Valley on Mercury dwarfs the Grand Canyon
Images recently gathered by NASA's Messenger spacecraft have revealed a giant valley on the surface of Mercury. The valley is over 1000 kilometres long, up to 500 kilometres wide, and the faults that comprise its sides are over three kilometres high. It lies partly within the previously known Rembrandt impact crater. This makes Mercury's valley much larger than Arizona's Grand Canyon. A new study by Dr. Tom Watters from the Smithsonian Institution's National Air And Space Museum has determined that this huge valley would have been created by a buckling event related to the planet's cooling process. As Mercury's single, solid outer plate cools, the planet contracts, or shrinks, resulting in a formation such as this valley. This suggests that Mercury is still warm inside, which is contrary to what scientists previously believed.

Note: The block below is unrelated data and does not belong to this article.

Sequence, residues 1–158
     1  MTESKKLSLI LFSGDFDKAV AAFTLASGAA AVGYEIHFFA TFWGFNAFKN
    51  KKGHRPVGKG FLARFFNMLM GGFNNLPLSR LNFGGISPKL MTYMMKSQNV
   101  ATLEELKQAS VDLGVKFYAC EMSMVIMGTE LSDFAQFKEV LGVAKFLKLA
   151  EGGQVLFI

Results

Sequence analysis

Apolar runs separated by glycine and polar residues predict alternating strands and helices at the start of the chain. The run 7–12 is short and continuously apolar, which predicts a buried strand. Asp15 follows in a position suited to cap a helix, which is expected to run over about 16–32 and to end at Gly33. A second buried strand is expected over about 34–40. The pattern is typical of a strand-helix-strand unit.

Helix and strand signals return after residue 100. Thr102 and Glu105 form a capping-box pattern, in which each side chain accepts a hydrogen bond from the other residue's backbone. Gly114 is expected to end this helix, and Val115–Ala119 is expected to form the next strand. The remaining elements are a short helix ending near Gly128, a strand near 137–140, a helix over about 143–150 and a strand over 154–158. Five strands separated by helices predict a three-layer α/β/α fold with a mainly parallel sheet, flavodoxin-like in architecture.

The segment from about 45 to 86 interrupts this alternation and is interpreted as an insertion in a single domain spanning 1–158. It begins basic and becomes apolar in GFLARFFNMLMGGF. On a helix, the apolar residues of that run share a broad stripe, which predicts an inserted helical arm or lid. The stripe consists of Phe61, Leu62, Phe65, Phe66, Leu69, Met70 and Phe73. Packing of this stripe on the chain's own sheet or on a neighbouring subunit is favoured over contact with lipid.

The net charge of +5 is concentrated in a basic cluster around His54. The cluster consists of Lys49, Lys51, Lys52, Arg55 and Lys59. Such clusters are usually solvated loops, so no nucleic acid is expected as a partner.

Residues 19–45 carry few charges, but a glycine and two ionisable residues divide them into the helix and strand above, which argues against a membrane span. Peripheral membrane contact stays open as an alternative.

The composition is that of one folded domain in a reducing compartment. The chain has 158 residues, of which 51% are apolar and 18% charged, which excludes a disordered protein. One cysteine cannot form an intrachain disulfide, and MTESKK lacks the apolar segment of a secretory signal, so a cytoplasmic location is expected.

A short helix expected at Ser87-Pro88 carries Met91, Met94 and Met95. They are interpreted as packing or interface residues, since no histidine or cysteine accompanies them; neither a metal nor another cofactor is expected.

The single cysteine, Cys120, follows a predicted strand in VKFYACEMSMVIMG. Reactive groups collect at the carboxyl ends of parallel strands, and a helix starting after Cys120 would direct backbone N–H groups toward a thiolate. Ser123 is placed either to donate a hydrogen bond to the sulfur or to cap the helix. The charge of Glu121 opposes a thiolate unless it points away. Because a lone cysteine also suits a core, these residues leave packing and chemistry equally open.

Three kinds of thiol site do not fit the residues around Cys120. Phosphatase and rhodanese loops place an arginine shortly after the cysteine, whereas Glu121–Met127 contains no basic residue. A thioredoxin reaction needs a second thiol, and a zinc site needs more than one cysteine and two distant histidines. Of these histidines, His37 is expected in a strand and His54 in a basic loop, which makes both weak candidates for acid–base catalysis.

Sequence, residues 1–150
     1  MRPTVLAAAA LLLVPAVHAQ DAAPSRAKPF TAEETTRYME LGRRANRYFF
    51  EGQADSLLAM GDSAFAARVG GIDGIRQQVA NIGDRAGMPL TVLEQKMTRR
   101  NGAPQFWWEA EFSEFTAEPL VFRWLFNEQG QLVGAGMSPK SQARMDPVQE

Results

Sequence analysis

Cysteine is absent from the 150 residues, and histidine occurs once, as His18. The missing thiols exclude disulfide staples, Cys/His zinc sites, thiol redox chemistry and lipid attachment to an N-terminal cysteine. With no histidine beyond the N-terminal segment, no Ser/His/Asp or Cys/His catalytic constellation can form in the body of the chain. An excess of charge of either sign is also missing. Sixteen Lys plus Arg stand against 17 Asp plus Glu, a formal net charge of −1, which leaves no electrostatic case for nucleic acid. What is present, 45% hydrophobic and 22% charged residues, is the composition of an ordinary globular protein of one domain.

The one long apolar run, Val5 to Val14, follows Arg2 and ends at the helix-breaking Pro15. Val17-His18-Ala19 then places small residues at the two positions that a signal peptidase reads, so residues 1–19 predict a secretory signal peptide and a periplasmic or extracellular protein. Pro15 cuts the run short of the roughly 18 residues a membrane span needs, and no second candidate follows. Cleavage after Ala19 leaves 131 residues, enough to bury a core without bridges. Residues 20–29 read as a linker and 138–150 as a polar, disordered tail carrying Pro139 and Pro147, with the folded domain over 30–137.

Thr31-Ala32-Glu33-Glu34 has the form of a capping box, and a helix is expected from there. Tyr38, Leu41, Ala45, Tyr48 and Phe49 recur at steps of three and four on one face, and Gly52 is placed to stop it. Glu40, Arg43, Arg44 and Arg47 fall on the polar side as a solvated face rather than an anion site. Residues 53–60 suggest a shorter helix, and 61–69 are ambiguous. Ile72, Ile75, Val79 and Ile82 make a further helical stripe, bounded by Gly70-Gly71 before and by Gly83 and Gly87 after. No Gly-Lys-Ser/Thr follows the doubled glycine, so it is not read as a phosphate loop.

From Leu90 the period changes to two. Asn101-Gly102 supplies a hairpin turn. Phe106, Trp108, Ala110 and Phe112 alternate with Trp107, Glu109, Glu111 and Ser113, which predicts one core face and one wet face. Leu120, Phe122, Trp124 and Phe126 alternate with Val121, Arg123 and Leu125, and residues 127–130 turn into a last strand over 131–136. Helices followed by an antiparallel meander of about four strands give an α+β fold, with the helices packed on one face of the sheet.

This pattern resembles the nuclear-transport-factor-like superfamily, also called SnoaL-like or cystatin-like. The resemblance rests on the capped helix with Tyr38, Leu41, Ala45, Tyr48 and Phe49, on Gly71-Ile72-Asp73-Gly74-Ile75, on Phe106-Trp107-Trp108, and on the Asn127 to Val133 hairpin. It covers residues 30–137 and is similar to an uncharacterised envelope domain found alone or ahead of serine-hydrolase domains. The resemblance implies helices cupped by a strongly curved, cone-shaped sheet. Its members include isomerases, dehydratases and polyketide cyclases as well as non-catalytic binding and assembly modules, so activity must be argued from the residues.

- Paper in Geophysical Research Letters: Fault-bound valley associated with the Rembrandt basin on Mercury